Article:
The course is part of this learning path
Bigtable is an internal Google database system that’s so revolutionary that it kickstarted the NoSQL industry. In the mid 2000s, Google had a problem. The web indexes behind its search engine had become massive and it took a long time to keep rebuilding them. The company wanted to build a database that could deliver real-time access to petabytes of data. The result was Bigtable.
Google went on to use Bigtable to power many of its other core services, such as Gmail and Google Maps. Finally, in 2015, it made Cloud Bigtable available as a service that its customers could use for their own applications.
In this course, you will learn which of your applications could make use of Bigtable and how to take advantage of its high performance.
- Identify the best use cases for Bigtable
- Describe Bigtable’s architecture and storage model
- Optimize query performance through good schema design
- Configure and monitor a Bigtable cluster
- Send commands to Bigtable
- Data professionals
- People studying for the Google Professional Data Engineer exam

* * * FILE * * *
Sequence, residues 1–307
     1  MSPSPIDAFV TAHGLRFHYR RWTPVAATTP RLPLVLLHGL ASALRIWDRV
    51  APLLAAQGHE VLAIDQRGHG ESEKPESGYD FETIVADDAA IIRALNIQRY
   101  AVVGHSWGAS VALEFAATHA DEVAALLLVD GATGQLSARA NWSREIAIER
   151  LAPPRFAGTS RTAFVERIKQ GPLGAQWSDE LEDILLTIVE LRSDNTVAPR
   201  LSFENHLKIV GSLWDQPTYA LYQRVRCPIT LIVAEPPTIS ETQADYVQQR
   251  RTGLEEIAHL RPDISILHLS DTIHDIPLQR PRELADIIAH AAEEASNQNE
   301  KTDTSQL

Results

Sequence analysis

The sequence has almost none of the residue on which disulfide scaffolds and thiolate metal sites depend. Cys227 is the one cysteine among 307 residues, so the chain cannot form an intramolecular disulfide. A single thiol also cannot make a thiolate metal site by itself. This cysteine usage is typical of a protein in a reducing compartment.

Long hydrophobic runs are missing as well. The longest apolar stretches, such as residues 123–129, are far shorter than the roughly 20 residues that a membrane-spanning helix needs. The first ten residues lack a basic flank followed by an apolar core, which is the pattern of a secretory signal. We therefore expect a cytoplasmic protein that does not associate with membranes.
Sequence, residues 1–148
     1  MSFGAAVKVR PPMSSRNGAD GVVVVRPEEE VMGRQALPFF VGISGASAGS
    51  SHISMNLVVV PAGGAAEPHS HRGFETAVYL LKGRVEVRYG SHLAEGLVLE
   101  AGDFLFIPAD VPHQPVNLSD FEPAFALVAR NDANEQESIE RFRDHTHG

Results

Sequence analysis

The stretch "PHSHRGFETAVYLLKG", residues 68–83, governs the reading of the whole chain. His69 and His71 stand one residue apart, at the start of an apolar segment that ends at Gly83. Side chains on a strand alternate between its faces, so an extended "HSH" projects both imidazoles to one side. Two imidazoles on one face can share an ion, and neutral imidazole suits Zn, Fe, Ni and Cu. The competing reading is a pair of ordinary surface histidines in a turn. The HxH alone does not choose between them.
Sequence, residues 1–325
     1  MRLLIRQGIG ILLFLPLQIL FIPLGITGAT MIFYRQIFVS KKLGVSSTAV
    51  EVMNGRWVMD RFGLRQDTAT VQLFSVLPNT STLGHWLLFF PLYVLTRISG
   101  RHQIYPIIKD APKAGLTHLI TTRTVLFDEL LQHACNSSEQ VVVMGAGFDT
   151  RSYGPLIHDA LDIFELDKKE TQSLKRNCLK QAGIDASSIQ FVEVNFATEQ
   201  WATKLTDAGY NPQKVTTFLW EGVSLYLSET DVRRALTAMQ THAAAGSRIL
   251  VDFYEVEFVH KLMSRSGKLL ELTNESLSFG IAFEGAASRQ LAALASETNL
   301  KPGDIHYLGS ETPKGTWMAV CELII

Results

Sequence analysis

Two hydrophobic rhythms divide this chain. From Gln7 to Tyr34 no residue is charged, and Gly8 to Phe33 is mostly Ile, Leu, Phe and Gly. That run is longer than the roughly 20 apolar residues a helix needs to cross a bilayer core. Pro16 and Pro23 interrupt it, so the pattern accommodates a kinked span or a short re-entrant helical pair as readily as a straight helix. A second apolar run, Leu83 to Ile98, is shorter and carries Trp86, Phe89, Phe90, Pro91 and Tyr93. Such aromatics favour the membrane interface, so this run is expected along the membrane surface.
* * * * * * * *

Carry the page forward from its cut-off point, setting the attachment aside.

- Database experience
- Google Cloud Platform account (sign up for free trial at https://cloud.google.com/free if you don’t have an account)
The example code is at https://github.com/cloudacademy/cloud-bigtable-examples/tree/master/java/dataproc-wordcount.
Bigtable provides only a basic level of access control, so this is going to be a short video.
You can assign users to one of 3 roles to control their access to Bigtable: reader, user, and admin. The reader role grants read access to data in tables and also to the performance monitoring graphs. The user role grants write access to tables. The admin role grants full access to everything in Bigtable, including the ability to create new instances.
You can only set these roles at the project level, so a reader, for example, can read all of the data in all of the tables in the project. There’s no way to limit a user’s access to specific tables, rows, or columns. This only applies to users with Google Cloud accounts that can access Bigtable directly, though. You can still, of course, limit end-user access any way you want through your application.
To assign one of the 3 roles to a GCP user, you need to go to the IAM page in the console. If Cloud Bigtable doesn’t show up in the list, then you need to enable the Bigtable API. This is all you have to do.
And that’s it for access control.
About the Author
Guy launched his first training website in 1995 and he's been helping people learn IT technologies ever since. He has been a sysadmin, instructor, sales engineer, IT manager, and entrepreneur. In his most recent venture, he founded and led a cloud-based training infrastructure company that provided virtual labs for some of the largest software vendors in the world. Guy’s passion is making complex technology easy to understand. His activities outside of work have included riding an elephant and skydiving (although not at the same time).